Archive for Iraq

Israeli drones said to operate over Iraq, Afghanistan

Posted in Original Research with tags , , , on March 20, 2009 by The 800 Pound Gorilla

skylark_lHa’aretz (Israel)
March 19, 2009

Israeli-manufactured unmanned aerial vehicles have been operating in the skies of Iraq and Afghanistan in the service of the United States-led coalition for the last three years.

According to reports in foreign media, the unpiloted aircrafts are products of the Israel Aerospace Industries (IAI).

Over Iraq, the U.S. Army has been operating Hunter model UAVs that were manufactured in IAI’s Mississippi-based subsidiary Stark Aerospace. The top contractor for the project is the American defense company Northrop Grumman.

Reports say the aircraft have been deployed in various missions with considerable success.

Within the last year, the Canadian air force has also operated Israeli-made Heron UAVs over Afghanistan to assist Canada’s ground forces in combat against the Taliban.

It is not known whether any Israeli UAVs in Iraq and Afghanistan were shot down, yet no reports of such incidents have been received.

Though the UAVs were manufactured in Israel, there are no identifying marks on the aircraft to indicate the country of origin.

The above article can be found at: http://www.haaretz.com/hasen/spages/1072304.html

Israeli drones said to operate over Iraq, Afghanistan

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Bush adviser: Iraq war launched to protect Israel (2004)

Posted in Media Watch with tags , , , , on March 1, 2009 by The 800 Pound Gorilla

il_tank_customInter Press Service (IPS)
March 29, 2004

WASHINGTON — Iraq under Saddam Hussein did not pose a threat to the United States but it did to Israel, which is one reason why Washington invaded the Arab country, according to a speech made by a member of a top-level White House intelligence group.

IPS uncovered the remarks by Philip Zelikow, who is now the executive director of the body set up to investigate the terrorist attacks on the United States in September 2001 — the 9/11 commission — in which he suggests a prime motive for the invasion just over one year ago was to eliminate a threat to Israel, a staunch U.S. ally in the Middle East.

Zelikow’s casting of the attack on Iraq as one launched to protect Israel appears at odds with the public position of President George W. Bush and his administration, which has never overtly drawn the link between its war on the regime of former president Hussein and its concern for Israel’s security.

The administration has instead insisted it launched the war to liberate the Iraqi people, destroy Iraq’s weapons of mass destruction (WMD) and to protect the United States.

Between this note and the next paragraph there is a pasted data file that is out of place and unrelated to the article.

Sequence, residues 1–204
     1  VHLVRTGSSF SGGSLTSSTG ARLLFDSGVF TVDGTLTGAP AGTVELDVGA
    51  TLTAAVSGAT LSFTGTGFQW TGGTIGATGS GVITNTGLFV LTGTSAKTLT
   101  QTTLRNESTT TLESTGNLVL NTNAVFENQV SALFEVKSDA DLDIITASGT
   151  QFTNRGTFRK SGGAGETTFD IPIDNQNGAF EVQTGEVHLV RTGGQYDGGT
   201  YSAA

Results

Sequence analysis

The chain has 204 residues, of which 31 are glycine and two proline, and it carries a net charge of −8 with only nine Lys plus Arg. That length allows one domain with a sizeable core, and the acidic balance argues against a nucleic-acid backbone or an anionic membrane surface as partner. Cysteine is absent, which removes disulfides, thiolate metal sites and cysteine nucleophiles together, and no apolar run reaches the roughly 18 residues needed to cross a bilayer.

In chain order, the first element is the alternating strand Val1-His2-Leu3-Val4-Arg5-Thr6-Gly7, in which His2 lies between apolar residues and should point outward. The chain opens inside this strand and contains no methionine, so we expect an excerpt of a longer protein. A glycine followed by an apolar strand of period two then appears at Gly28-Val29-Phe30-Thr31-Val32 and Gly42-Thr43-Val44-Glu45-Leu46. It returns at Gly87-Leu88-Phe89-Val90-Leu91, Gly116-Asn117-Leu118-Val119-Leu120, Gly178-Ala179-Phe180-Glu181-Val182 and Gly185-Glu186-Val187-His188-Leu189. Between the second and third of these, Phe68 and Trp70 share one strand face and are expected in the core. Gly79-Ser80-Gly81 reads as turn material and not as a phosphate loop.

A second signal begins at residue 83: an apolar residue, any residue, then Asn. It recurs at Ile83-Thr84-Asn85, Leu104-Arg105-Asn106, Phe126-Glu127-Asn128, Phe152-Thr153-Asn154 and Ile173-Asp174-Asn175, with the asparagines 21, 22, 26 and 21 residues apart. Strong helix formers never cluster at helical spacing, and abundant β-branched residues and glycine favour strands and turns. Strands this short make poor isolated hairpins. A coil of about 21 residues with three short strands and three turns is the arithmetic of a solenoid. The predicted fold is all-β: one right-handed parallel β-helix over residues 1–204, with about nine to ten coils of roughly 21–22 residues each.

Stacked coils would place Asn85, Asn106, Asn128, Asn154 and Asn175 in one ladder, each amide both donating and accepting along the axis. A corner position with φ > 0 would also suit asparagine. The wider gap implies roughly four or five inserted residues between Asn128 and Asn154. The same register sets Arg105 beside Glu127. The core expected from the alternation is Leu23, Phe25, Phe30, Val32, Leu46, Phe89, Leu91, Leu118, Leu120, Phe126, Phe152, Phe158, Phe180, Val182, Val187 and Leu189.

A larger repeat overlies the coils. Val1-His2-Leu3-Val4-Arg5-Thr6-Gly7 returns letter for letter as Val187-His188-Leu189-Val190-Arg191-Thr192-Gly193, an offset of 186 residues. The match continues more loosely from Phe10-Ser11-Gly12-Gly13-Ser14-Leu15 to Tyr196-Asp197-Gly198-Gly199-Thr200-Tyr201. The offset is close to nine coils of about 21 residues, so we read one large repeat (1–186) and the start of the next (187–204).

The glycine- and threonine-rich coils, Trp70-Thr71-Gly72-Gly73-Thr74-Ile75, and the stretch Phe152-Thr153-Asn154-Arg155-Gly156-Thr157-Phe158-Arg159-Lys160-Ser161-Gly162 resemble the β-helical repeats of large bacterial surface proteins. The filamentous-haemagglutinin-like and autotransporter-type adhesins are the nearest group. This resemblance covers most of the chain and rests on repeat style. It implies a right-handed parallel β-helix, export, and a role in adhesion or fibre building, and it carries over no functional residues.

Zelikow made his statements about “the unstated threat” during his tenure on a highly knowledgeable and well-connected body known as the President’s Foreign Intelligence Advisory Board (PFIAB), which reports directly to the president.

He served on the board between 2001 and 2003.

“Why would Iraq attack America or use nuclear weapons against us? I’ll tell you what I think the real threat (is) and actually has been since 1990 — it’s the threat against Israel,” Zelikow told a crowd at the University of Virginia on Sep. 10, 2002, speaking on a panel of foreign policy experts assessing the impact of 9/11 and the future of the war on the al-Qaeda terrorist organization.

“And this is the threat that dare not speak its name, because the Europeans don’t care deeply about that threat, I will tell you frankly. And the American government doesn’t want to lean too hard on it rhetorically, because it is not a popular sell,” said Zelikow.

The statements are the first to surface from a source closely linked to the Bush administration acknowledging that the war, which has so far cost the lives of nearly 600 U.S. troops and thousands of Iraqis, was motivated by Washington’s desire to defend the Jewish state.

The administration, which is surrounded by staunch pro-Israel, neo-conservative hawks, is currently fighting an extensive campaign to ward off accusations that it derailed the “war on terrorism” it launched after 9/11 by taking a detour to Iraq, which appears to have posed no direct threat to the United States.

Israel is Washington’s biggest ally in the Middle East, receiving annual direct aid of three to four billion dollars.

Even though members of the 16-person PFIAB come from outside government, they enjoy the confidence of the president and have access to all information related to foreign intelligence that they need to play their vital advisory role.